Now, there is news in this story, though you have to wade through to the second page to get it. The story describes the room in the Capitol where the briefing was held (ceding Bob Graham’s point, of course, that it wasn’t held at the White House, as he says the most highly classified briefings were).  And then it describes the lackadaisical approach the CIA took toward giving Congress its legally mandated notice (though the WaPo doesn’t describe it as such):

CIA records show the session was led by officials from its counterterrorism center, which at the time was run by Jose A. Rodriguez Jr., who later left the CIA amid questions about the destruction of videotapes of detainees being waterboarded. Intelligence officials did not consider the briefing "time sensitive" but simply an effort to bring the lawmakers up to speed on what was labeled a "highly sensitive collection activity," according to former intelligence officials. Shelby and Graham would not be briefed for another 23 days. 

Two officials present during the briefings in 2002 said the talks were overshadowed by fears of more terrorist attacks. "It was wartime crisis mode, and all the chatter at the time was about a ‘second wave,’ " said one congressional official, speaking on the condition of anonymity because the briefings were classified. "The next attack was supposed to be even bigger, and everyone was taking it very seriously."

Against that backdrop, lawmakers from both parties pressed the CIA for details about what it was learning from a high-value captive: Abu Zubaida, whose real name is Zayn al-Abidin Muhammed Hussein. There was little, if any, questioning about how the information was obtained, according to the two participants.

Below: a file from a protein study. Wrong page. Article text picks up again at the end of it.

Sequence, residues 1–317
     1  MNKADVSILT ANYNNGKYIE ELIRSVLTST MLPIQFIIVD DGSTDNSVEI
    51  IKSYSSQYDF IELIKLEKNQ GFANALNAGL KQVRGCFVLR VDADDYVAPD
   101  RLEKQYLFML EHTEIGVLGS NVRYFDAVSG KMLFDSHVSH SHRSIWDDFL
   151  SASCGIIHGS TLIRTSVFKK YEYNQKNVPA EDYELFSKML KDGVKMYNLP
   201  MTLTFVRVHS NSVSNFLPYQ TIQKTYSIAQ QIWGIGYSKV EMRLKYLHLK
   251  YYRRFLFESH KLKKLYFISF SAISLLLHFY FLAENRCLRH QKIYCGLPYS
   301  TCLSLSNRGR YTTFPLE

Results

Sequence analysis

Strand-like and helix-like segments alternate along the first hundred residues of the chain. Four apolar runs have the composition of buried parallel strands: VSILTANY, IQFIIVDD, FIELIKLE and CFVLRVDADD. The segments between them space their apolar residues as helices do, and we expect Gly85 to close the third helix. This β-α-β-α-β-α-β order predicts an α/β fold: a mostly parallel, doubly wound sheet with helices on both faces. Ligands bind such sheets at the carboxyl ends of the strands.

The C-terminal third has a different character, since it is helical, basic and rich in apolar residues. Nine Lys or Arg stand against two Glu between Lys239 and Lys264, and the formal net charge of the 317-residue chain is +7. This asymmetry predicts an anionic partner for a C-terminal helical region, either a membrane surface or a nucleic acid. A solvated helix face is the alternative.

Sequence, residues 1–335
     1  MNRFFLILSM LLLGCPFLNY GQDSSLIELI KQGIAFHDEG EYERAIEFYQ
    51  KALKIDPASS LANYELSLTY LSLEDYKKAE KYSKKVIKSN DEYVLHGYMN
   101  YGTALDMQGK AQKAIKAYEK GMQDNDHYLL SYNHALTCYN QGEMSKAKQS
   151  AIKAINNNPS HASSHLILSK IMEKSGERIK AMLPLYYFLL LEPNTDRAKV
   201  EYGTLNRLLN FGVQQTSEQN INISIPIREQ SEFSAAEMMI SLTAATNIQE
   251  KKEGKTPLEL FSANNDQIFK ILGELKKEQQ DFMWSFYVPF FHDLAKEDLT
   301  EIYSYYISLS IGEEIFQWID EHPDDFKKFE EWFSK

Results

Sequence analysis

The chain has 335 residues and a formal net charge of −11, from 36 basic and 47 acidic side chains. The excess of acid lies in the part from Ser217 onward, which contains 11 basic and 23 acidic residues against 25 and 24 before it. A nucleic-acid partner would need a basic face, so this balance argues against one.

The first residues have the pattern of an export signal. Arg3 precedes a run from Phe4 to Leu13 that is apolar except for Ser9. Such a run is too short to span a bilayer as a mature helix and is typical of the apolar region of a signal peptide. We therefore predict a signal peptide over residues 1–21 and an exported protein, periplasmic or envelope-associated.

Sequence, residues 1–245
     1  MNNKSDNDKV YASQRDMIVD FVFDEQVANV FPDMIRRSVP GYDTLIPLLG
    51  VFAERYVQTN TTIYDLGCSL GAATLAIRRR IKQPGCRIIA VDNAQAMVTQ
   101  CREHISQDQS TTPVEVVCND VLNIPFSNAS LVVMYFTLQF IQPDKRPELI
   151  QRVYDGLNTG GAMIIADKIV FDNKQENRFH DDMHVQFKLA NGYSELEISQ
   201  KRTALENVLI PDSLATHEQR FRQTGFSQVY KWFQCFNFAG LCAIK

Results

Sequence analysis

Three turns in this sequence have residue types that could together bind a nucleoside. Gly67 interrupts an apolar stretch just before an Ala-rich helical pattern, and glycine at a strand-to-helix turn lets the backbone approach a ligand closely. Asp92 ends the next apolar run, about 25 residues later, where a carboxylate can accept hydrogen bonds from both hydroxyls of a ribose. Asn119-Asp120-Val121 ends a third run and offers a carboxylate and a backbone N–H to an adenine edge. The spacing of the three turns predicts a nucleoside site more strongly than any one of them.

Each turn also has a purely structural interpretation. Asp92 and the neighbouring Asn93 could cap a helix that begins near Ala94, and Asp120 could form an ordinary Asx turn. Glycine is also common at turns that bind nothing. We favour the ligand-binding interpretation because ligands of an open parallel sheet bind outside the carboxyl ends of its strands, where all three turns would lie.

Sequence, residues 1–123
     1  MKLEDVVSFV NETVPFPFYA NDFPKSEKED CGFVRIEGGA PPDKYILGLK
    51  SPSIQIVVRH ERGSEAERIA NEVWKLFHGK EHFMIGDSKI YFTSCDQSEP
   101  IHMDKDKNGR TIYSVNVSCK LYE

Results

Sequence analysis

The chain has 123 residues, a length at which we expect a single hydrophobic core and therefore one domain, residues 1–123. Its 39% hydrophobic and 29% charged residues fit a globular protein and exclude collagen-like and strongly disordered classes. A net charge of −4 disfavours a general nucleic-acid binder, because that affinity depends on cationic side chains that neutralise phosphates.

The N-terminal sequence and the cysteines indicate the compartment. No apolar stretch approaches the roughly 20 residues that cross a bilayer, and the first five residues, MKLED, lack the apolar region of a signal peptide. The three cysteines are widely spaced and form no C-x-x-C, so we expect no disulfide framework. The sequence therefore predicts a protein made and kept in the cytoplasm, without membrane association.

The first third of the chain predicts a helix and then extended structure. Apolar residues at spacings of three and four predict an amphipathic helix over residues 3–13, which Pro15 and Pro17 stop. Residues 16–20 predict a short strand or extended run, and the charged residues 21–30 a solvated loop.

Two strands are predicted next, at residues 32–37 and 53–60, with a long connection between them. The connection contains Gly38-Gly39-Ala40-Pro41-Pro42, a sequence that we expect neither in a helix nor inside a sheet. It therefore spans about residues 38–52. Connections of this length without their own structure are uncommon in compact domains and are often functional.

"No one in either party was questioning interrogation tactics," said the congressional official. "People from [both] parties were saying, ‘Do what it takes.’ Their questions were, ‘Do you have the authorities you need?’ and ‘Are you doing enough?’" [my emphasis]

This entire passage is worth unpacking, particularly since it probably relies on the reporting of Joby Warrick and/or Walter Pincus, and not Paul Kane, who’s the one beating this conflict story. Note the sourcing here: it relies on two people present at the briefing, one who is a "congressional official" (that is, one of the two aides present at each briefing). There are four potential aides this could be: Michael Sheehy (then a Dem House staffer), Tim Sample (then a GOP House staffer), Alfred Cumming (then a Dem Senate Staffer), and Bill Duhnke (the GOP Senate staffer). We know Sheehy recently retired. Sample appears to have left after 2003, as did Cumming. Which leaves Duhnke as the only current congressional official who attended the briefing. No wonder, then, that this description–of a focus on "details [the CIA] was learning from a high-value captive: Abu Zubaida" with "little, if any, questioning about how the information was obtained"–so closely resembles the description Bob Graham gave me the other day.

Graham went on further to explain that he recollects the briefing covered the high value detainees captured by that date, and described what the intelligence community had gleaned from those detainees. His impression, he said, was that they had gathered that information using traditional techniques the military, FBI, and intelligence agencies had used in the past.

Sorry, Richard Shelby, the Republican staffer in your briefing appears to side with Bob Graham, not you.

But back to that passage. It doesn’t describe the other source who attended the meeting, but it does rely on "former intelligence officials" for the larger context of the passage. I find that rather curious given that it makes a connection I’ve been making–that Jose Rodriguez was probably in that briefing.

CIA records show the session was led by officials from its counterterrorism center, which at the time was run by Jose A. Rodriguez Jr., who later left the CIA amid questions about the destruction of videotapes of detainees being waterboarded.